⏩Fast Forward Aotearoa #36: On national missions🎯BIG balloon🎈B.I.G. ideas💡an aversion to news🗞️AUKUS pillar II 🌏pizza by drone🍕
The pursuit of sustainable intergenerational wellbeing
Welcome to this week’s ⏩Fast Forward Aotearoa, thinking about emerging technology and the future of my corner of the world, Aotearoa New Zealand. Thanks for reading!
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In this week’s issue:
🎈BIG balloon A giant NASA super pressure helium balloon was the cause of yesterday’s UFO sightings over Te Waipounamu
💡B.I.G. ideas An excellent big-picture policy report from McGuinness Institute
🗞️An aversion to news Unsurprisingly, Aotearoa is a world-leader at avoiding the news
🌏AUKUS pillar II a raft of commentary on one of the biggest strategic decisions facing the country
👏Rollcall AI policy suggestions, drone pizza delivery and more supply chain resilience
🌏Kōhatu huna A Mercator projection… but centred on Aotearoa
🎯On National Missions How do “national missions” for research, science and innovation get decided and how can technology deliver to them?
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First up, I was walking along New Brighton beach in Ōtautahi on Sunday afternoon and a bunch of people were pointing at a weird shiny object hanging stationary in the sky to the south. Finally, UFOs arriving in Aotearoa?
Closest magnification I could get:
TURNS out… this was a NASA’s “Super Pressure” balloon on its maiden flight from Wanaka, flying as high as 35km up. A look at FlightRadar showed its flight path clearly (at least from lake Benmore):
Full story here (the balloon apparently contains 532,000 cubic metres of helium…that’s a LOT of precious helium!!!):
(Thankfully Aotearoa doesn’t have any fighter jets or air-to-air missiles to shoot it down with…🤣 — see Memia 2023.06 Harmless science experiment)
I’ve been digesting the McGuinness Institute Te Hononga Waka’s comprehensive new discussion paper BIG Ideas: Brief to the Incoming Government - as founder Wendy McGuinness put it, a “polysolution to the polycrisis”, proposing 7 “B.I.G. policy actions”:
It’s a well-crafted read with some really meaty proposals, particularly around reforming government:
“Transforming governance institutions
On behalf of the citizens of the country, current and future, Parliament should unanimously specify the pursuit of sustainable intergenerational wellbeing as the core objective of good governance. Although material prosperity is an integral part of wellbeing, also critically important are non-material criteria (i.e. mana-enhancing dimensions of wellbeing: the mana of individuals, whānau, and communities).
To give credibility and effect to this commitment, form a cross-Parliament Parliamentary Governance Group (PGG) as a steward for intergenerational wellbeing.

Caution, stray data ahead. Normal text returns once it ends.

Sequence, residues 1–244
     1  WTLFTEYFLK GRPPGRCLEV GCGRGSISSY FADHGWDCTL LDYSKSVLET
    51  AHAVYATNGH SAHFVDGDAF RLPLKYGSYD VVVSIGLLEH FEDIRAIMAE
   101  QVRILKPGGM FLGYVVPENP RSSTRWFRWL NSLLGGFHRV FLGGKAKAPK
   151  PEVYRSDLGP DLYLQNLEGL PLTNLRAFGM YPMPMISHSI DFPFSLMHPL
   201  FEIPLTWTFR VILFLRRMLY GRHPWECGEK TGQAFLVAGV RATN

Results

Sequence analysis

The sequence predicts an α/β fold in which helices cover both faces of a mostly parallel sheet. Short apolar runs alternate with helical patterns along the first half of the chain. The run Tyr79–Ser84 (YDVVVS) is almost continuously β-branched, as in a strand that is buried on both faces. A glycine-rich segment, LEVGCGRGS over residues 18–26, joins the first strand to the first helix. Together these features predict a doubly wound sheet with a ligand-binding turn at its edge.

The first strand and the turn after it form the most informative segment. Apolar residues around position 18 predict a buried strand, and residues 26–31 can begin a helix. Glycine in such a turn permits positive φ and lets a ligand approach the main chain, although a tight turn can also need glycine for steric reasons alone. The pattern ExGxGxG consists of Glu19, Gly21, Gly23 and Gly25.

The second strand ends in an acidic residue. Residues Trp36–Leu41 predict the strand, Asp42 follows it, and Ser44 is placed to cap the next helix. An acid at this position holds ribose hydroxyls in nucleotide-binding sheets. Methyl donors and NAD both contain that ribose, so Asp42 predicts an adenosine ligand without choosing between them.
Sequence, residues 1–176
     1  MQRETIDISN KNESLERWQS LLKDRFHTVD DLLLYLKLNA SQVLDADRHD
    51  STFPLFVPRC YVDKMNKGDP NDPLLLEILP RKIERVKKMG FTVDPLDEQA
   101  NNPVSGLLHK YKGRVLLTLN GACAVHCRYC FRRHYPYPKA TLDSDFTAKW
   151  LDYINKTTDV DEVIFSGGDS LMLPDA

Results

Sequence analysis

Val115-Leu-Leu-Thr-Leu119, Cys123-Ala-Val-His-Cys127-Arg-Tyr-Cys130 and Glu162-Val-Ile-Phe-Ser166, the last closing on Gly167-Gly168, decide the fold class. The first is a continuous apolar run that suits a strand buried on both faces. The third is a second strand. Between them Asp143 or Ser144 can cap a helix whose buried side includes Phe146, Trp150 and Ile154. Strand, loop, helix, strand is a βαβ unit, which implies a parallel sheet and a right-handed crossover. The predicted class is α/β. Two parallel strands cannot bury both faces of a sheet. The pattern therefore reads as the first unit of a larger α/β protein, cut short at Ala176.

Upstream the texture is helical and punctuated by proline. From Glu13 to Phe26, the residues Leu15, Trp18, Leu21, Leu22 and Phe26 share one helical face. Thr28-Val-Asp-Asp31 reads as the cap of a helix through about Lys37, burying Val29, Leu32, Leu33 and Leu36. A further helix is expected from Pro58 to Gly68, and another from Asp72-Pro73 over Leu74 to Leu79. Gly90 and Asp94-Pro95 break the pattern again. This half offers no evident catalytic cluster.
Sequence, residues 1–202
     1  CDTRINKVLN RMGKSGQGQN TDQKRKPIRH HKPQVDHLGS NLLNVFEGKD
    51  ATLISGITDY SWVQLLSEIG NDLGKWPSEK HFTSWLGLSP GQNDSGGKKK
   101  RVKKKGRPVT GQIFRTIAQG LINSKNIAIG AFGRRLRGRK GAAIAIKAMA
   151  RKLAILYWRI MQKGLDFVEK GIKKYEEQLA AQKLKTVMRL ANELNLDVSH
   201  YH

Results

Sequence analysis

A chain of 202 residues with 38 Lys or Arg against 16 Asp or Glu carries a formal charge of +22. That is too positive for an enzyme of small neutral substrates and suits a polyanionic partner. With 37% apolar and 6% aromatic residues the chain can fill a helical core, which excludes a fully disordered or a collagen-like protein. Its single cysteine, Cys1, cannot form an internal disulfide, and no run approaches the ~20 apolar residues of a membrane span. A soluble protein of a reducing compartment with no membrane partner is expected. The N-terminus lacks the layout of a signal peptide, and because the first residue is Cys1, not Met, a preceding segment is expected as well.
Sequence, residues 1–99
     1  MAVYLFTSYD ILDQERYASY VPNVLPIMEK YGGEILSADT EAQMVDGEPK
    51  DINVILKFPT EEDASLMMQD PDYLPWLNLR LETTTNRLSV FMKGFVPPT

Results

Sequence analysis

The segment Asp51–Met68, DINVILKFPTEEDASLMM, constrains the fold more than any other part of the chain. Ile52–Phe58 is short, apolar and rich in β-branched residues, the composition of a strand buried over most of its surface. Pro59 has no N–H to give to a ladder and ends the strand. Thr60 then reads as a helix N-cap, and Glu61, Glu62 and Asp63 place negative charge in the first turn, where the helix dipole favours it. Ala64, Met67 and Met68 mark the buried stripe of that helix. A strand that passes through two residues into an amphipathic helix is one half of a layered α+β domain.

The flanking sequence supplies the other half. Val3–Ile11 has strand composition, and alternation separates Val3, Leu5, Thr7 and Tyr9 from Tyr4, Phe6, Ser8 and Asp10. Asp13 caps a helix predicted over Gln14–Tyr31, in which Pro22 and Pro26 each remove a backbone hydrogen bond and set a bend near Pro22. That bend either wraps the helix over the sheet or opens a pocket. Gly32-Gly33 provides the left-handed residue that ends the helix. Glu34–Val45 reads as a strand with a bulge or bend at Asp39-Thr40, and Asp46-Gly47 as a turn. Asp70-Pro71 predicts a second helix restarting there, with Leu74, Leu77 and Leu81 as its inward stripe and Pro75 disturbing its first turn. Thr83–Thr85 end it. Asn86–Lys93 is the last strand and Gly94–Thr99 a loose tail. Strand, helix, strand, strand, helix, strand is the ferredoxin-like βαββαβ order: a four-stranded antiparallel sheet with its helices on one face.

Have the PGG advised by an advisory group that is genuinely diverse (in the broadest sense of that term), representing all the people of the country, including future generations through youth representation.“
Also in the annex the report finally puts into words a number of “wild card” scenarios which a number of us in the foresight community have been voicing for a while but which still appear *absolutely nowhere* in day-to-day public discourse… In particular, Climate Change Invasion is a scenario that I think needs careful modelling… and may colour the current discussions on AUKUS participation (see below…)
My one comment is that the impacts of exponential technology (particularly AI) appear only a few times throughout the report and without major analysis of the effects on the economy or social cohesion… (of course that’s what my book is about, so hold that thought…)
Congratulations to Wendy and the broad group of contributors - an excellent and well thought through report. (BUT will an incoming government actually take heed…?)
A national aversion to news
(Perhaps all part of the same discussion…)
The AUT research centre for Journalism, Media and Democracy (JMAD) published its 4th Trust in News in Aotearoa New Zealand report based on a survey by Horizon polling, which identied a continuing trend of falling trust in the news media.
The report also highlighted a profound national characteristic: 7 in 10 New Zealanders avoid consuming news, significantly higher than in other countries:
“While New Zealanders are interested in news, approximately 69% of us avoid news often, sometimes or occasionally. People are avoiding the news because they find it depressing, negative, and it is increasing their anxiety. Many people also find news repetitive, boring and overly dramatic”
Social media is an increasing source of news in Aotearoa, with Facebook at the top and growing (contrary to perceptions):